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The Trumpet Call of God

Jesus Christ is coming back for his disciples, whether we live or sleep.

From the editor

Eschatological issues have always been intriguing, but the interest has both widened and deepened in the last 25 years or so. Bestselling fiction and "wars and rumors of war" will do that. If you're looking to tackle the End Times, you'll benefit from reading this sermon by Lee Eclov. Lee finds ways to make the listener feel right at home with the more mysterious passages in the Word. It's due in no small part to his ability to tell a down-to-earth story and the great pains he takes to find just the right words.


Pastor Bob Russell often tells the story of his father's funeral. It was held on a cold and blustery winter day in Pennsylvania, and the snow was so bad—the wind was blowing so hard—that after the service at the church, the funeral director said the roads were impassible and that the typical funeral procession to the cemetery wouldn't be possible. He said to Bob, "I'll take your dad's body to the graveside." Bob couldn't bear the thought of that, so he, his brother, and a couple of their sons piled into an SUV and followed the hearse through the snow to the cemetery. Bob says:

We plowed through ten inches of snow into the cemetery, got about 50 yards from my dad's grave with the wind blowing about 25 miles per hour. The six of us lugged that casket down to the gravesite. We watched the body lowered into the grave, and we turned to leave. I felt something was undone, so I said, "I'd like for us to have a prayer." The six of us huddled together, and I prayed, "Lord, this is such a cold, lonely place." And then I got too choked up to pray anymore. I kept battling to get my composure, and finally I just whispered, "But I thank you, for we know to be absent from the body is to be safe in your warm arms."

Paul wrote: "Brothers, we do not want you to be ignorant about those who fall asleep or to grieve like the rest of men who have no hope." One of the bedrock truths that every Christian must know and understand is this: Jesus Christ is coming back for his disciples, whether we live or sleep.

We do not grieve as those who have no hope.

Did you know that there are over 300 verses in the New Testament about the Second Coming of Christ? Three hundred verses! That comes to about one verse for every 30 verses in the whole New Testament. But no passage tells us more in one place than the passage before us this morning: 1 Thessalonians 4:13–18. We can't afford to be ignorant about the Second Coming of Christ, because it affects everything we believe and everything we do as Christians. I noticed that just in this letter, Paul makes at least five or six references to the Second Coming. In each case he mentions a different purpose, a different reason, why we need to know about it, and how it affects us in this way and that. In this text before us, it is for our encouragement—so that we do not worry about those who die in the Lord. It's a passage of encouragement. He ends in verse 18: "Therefore, encourage each other with these words." One of the most important tasks we as Christians have is encouraging one another with the good news that Jesus is coming back for us. We have to tell each other that again and again, in various ways. It's critical information—mission critical information.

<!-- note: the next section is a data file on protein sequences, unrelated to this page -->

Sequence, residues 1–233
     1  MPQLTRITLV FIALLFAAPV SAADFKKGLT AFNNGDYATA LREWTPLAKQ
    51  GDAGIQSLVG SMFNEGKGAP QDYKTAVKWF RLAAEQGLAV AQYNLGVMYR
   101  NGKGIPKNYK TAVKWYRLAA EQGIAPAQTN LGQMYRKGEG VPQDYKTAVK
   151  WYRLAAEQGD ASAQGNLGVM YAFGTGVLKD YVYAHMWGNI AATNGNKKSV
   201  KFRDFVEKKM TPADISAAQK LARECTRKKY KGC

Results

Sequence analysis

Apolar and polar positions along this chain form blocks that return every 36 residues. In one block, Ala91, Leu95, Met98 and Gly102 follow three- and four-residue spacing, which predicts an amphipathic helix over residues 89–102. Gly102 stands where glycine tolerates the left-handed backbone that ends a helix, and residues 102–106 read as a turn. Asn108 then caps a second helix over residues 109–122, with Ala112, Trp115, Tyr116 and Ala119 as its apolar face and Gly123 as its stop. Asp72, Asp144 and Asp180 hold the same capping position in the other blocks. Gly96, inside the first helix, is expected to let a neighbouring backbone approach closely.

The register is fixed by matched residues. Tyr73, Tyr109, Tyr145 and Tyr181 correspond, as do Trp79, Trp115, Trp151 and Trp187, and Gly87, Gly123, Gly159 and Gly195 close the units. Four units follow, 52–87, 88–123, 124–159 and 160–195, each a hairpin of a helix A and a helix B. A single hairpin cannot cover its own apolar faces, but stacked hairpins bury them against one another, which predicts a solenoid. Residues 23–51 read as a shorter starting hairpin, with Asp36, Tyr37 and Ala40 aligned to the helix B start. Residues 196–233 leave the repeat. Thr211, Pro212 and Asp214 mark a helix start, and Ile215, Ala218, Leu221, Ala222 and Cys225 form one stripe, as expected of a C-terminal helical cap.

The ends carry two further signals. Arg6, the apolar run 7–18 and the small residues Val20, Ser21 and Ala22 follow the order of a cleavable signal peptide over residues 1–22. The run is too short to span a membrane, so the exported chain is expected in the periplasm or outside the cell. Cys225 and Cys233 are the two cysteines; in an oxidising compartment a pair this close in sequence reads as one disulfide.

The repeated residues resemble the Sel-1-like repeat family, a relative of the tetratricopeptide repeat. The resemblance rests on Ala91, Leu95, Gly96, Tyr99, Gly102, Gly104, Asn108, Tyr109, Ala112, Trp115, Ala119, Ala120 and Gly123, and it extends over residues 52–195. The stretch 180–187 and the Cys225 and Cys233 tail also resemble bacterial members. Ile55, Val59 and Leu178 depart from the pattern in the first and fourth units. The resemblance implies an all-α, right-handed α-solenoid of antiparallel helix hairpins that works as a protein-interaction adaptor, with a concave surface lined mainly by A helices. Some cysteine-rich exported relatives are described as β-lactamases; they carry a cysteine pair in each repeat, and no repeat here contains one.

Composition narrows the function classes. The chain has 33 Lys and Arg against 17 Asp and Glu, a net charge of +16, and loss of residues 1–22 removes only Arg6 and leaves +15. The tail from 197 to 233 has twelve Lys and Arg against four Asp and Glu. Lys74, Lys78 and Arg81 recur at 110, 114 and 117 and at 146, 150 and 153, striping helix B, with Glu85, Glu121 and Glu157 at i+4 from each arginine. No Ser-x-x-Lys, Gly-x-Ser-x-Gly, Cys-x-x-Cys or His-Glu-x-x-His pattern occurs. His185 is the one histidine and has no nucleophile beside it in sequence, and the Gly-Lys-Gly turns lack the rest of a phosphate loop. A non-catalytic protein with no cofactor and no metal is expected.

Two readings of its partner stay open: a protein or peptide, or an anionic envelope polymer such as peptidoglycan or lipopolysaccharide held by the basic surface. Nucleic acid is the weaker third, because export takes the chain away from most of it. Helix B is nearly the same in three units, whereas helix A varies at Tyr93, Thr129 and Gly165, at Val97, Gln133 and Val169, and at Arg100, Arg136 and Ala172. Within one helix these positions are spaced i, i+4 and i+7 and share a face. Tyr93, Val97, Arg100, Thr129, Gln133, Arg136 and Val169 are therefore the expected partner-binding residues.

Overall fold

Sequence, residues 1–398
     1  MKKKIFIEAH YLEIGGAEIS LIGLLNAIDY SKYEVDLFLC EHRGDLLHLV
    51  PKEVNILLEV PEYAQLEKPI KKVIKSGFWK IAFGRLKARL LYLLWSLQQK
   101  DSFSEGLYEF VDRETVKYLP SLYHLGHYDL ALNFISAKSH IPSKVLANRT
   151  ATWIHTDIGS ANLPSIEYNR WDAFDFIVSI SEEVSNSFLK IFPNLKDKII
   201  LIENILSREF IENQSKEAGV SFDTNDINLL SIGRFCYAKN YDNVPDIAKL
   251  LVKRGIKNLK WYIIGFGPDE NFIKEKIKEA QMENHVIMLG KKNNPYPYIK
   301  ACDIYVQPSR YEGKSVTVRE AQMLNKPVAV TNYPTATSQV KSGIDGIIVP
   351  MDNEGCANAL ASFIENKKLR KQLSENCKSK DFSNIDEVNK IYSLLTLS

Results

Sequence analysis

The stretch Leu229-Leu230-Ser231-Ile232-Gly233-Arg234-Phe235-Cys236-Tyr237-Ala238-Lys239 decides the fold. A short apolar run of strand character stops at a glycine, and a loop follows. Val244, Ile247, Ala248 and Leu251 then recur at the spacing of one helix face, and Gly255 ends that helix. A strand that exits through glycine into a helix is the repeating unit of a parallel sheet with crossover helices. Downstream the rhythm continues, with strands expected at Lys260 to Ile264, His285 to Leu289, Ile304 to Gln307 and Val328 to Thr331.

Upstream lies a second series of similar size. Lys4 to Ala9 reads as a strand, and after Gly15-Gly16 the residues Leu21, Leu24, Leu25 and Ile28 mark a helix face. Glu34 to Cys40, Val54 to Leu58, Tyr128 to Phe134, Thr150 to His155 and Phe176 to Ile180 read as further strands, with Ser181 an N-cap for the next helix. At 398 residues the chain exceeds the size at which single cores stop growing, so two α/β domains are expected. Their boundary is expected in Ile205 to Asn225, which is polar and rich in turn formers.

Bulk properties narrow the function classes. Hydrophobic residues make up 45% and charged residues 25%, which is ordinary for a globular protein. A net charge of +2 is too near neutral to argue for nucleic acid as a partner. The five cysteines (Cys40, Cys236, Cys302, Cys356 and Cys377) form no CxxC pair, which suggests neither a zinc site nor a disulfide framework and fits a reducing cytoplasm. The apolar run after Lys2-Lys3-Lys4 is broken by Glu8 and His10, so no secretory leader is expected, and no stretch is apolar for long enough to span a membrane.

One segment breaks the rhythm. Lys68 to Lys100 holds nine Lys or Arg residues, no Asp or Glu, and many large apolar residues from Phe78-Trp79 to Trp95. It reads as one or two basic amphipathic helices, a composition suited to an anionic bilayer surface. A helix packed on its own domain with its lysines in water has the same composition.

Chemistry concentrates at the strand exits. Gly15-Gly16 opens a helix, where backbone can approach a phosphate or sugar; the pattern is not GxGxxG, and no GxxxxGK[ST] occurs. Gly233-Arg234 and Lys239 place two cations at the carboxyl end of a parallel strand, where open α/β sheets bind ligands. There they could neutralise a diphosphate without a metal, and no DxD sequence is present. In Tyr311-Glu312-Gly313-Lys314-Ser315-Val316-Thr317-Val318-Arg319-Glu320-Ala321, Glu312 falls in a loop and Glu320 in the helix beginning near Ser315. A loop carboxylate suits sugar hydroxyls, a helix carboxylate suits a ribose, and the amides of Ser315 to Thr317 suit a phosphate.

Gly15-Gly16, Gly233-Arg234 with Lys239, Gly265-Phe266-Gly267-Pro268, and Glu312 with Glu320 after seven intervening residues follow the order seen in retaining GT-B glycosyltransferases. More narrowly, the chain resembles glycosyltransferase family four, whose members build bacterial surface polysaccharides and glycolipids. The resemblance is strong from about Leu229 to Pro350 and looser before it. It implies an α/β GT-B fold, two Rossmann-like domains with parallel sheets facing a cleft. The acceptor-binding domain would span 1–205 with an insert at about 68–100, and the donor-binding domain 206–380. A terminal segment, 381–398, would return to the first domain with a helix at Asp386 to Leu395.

The reason for the writing of this little section, apparently, was that these Thessalonian believers were under the impression that Jesus would come back almost immediately. When believers from their church began to die, and Jesus had not come back yet, they were worried about them. They were worried that they'd lose out—that they'd miss the big party. So Paul writes, particularly, to assure them about the fate of those Christians who have passed away. He says: You do not need to worry. These first verses you might summarize this way: those who have fallen asleep in Christ will not miss a thing.

At the pastors' prayer group I'm a part of, two of the guys recently came in wearing their dark suits, looking real spiffy. We pastors know what that means: "You have a funeral today?" Both of the brothers had funerals; it turned out they were back-to-back at the same funeral home! One of them was for an elderly woman who had passed away. She had come to Christ in the middle of life, and her children knew her both as a bad mom and a good mom. That funeral would celebrate what Jesus had done in her life to change her and to set forth the hope of a reunion. The other funeral was a particularly tragic one of a young mother who had died of cancer, leaving her husband and two little children. I later asked my friend Steve how the funeral went. He wrote:

The sense of the funeral was one of real grief and yet genuine rejoicing over a life consumed with passion for the glory of God. So many of the people in her extended family are committed believers. The funeral was a true and real experience of worship. No one has any doubt but that one instant after Beth passed from this world last Sunday evening, she woke up in more glory and joy than any of us can possibly imagine right now.

We do not grieve as those who have no hope. I've told you before about the woman who came to me with a friend. Her friend brought her to see me because she had gone to a funeral of an African-American believer in an African-American church, and she was so unsettled by the joy that she was shaken and troubled. When her friend brought her to me and I explained the gospel and the hope that we have, she embraced it and accepted Christ. We do not grieve as those who have no hope.